• On each culture medium, differences between species were also observed. Therefore, the effects of culture mediums are speciesspecific and growth rates between species differed on similar mediums.

• The organic compost extract medium is an important source of nutrients and can be successfully employed to cultivate algal masses.

• The use of solid organic residuals to produce composts for algal cultivation serves as an ecological alternative to reuse these residuals with positive and environmentally friendly outcomes.


We thank CNPq for the support to Flávia Martins Franco de Oliveira with a master degree scholarship.


Select your language of interest to view the total content in your interested language
Post your comment

Share This Article

Article Usage

  • Total views: 11946
  • [From(publication date):
    September-2013 - Jul 20, 2018]
  • Breakdown by view type
  • HTML page views : 8162
  • PDF downloads : 3784

Post your comment

captcha   Reload  Can't read the image? click here to refresh

Peer Reviewed Journals
Make the best use of Scientific Research and information from our 700 + peer reviewed, Open Access Journals
International Conferences 2018-19
Meet Inspiring Speakers and Experts at our 3000+ Global Annual Meetings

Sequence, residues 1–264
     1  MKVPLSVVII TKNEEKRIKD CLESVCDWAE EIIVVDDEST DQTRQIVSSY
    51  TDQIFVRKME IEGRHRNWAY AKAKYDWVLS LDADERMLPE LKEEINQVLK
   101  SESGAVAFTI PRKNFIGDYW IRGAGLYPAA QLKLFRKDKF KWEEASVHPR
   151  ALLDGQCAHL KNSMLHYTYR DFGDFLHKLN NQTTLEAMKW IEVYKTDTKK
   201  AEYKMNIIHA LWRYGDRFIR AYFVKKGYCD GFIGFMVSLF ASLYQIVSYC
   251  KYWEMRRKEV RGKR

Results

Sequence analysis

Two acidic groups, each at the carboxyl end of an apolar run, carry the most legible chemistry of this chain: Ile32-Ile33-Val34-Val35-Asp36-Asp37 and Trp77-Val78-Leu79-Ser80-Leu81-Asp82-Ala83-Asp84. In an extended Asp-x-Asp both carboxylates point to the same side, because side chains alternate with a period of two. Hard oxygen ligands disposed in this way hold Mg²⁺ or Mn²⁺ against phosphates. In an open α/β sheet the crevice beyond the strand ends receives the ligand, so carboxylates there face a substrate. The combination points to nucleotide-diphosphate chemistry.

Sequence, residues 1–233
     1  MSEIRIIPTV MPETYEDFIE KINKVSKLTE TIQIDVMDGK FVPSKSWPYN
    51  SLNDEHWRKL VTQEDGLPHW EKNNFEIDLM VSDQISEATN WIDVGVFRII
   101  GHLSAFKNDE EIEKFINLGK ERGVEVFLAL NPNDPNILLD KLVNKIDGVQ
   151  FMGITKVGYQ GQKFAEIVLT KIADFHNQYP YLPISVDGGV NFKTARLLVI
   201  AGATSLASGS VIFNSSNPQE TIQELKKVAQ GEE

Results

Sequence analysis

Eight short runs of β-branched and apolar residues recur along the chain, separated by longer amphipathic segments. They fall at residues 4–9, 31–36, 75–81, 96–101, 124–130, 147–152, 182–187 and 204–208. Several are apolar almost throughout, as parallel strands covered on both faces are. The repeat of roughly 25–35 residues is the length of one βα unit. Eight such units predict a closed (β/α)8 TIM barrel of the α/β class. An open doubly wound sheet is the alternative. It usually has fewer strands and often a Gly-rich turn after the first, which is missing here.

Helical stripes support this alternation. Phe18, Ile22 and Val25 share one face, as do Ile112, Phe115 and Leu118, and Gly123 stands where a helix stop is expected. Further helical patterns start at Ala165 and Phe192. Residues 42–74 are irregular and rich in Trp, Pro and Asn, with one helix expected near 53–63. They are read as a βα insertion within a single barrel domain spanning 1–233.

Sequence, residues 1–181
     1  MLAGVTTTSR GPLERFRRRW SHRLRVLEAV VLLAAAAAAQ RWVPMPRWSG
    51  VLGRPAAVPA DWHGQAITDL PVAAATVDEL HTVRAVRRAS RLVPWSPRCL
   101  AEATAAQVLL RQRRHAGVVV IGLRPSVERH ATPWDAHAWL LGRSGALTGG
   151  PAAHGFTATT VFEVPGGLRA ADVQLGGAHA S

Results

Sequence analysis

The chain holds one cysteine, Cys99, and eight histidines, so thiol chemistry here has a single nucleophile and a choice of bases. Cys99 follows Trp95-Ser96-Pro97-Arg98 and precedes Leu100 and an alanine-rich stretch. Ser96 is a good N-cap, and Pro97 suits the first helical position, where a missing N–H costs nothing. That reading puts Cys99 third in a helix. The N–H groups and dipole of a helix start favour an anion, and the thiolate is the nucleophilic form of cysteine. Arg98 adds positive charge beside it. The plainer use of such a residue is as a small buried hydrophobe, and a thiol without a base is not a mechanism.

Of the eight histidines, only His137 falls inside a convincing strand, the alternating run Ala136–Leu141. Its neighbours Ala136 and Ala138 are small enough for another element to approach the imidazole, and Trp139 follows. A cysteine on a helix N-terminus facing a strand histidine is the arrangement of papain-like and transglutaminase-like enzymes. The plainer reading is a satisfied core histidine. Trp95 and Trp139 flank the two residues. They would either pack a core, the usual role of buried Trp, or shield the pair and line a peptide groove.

Contact Us

Agri & Aquaculture Journals

Dr. Krish

[email protected]

+1-702-714-7001Extn: 9040

Biochemistry Journals

Datta A

[email protected]

1-702-714-7001Extn: 9037

Business & Management Journals


[email protected]

1-702-714-7001Extn: 9042

Chemistry Journals

Gabriel Shaw

[email protected]

1-702-714-7001Extn: 9040

Clinical Journals

Datta A

[email protected]

1-702-714-7001Extn: 9037

Engineering Journals

James Franklin

[email protected]

1-702-714-7001Extn: 9042

Food & Nutrition Journals

Katie Wilson

[email protected]

1-702-714-7001Extn: 9042

General Science

Andrea Jason

[email protected]

1-702-714-7001Extn: 9043

Genetics & Molecular Biology Journals

Anna Melissa

[email protected]

1-702-714-7001Extn: 9006

Immunology & Microbiology Journals

David Gorantl

[email protected]

1-702-714-7001Extn: 9014

Materials Science Journals

Rachle Green

[email protected]

1-702-714-7001Extn: 9039

Nursing & Health Care Journals

Stephanie Skinner

[email protected]

1-702-714-7001Extn: 9039

Medical Journals

Nimmi Anna

[email protected]

1-702-714-7001Extn: 9038

Neuroscience & Psychology Journals

Nathan T

[email protected]

1-702-714-7001Extn: 9041

Pharmaceutical Sciences Journals

Ann Jose

[email protected]

1-702-714-7001Extn: 9007

Social & Political Science Journals

Steve Harry

[email protected]

1-702-714-7001Extn: 9042

© 2008- 2018 OMICS International - Open Access Publisher. Best viewed in Mozilla Firefox | Google Chrome | Above IE 7.0 version
Leave Your Message 24x7